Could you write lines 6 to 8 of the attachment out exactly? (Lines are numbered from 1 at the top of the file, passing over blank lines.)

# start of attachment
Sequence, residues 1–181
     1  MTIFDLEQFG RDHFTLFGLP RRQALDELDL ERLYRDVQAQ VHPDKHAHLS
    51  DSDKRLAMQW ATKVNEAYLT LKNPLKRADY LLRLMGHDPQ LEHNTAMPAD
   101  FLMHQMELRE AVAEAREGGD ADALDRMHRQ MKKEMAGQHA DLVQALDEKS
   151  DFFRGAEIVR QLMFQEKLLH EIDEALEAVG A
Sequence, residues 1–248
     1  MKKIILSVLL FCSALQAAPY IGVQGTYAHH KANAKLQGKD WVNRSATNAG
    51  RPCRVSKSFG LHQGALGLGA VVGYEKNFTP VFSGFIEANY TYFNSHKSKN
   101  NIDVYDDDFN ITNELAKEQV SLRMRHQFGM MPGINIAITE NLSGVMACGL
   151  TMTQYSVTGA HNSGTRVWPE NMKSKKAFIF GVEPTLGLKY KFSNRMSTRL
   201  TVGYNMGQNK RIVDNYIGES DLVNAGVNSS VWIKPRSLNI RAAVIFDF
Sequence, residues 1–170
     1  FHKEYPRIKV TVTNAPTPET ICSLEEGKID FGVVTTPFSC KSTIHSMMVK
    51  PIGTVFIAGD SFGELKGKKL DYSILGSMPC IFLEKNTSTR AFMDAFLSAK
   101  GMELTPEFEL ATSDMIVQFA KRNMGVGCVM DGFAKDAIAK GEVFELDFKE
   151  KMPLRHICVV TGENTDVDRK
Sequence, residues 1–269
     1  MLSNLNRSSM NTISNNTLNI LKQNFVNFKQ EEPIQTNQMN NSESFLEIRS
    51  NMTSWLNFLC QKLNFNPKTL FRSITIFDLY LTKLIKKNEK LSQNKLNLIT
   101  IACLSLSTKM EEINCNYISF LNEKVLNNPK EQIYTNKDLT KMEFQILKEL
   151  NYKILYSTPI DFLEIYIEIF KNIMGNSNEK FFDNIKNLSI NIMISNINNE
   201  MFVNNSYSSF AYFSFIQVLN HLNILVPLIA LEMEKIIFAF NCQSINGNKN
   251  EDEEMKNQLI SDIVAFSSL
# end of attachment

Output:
Sequence, residues 1–248
     1  MKKIILSVLL FCSALQAAPY IGVQGTYAHH KANAKLQGKD WVNRSATNAG
    51  RPCRVSKSFG LHQGALGLGA VVGYEKNFTP VFSGFIEANY TYFNSHKSKN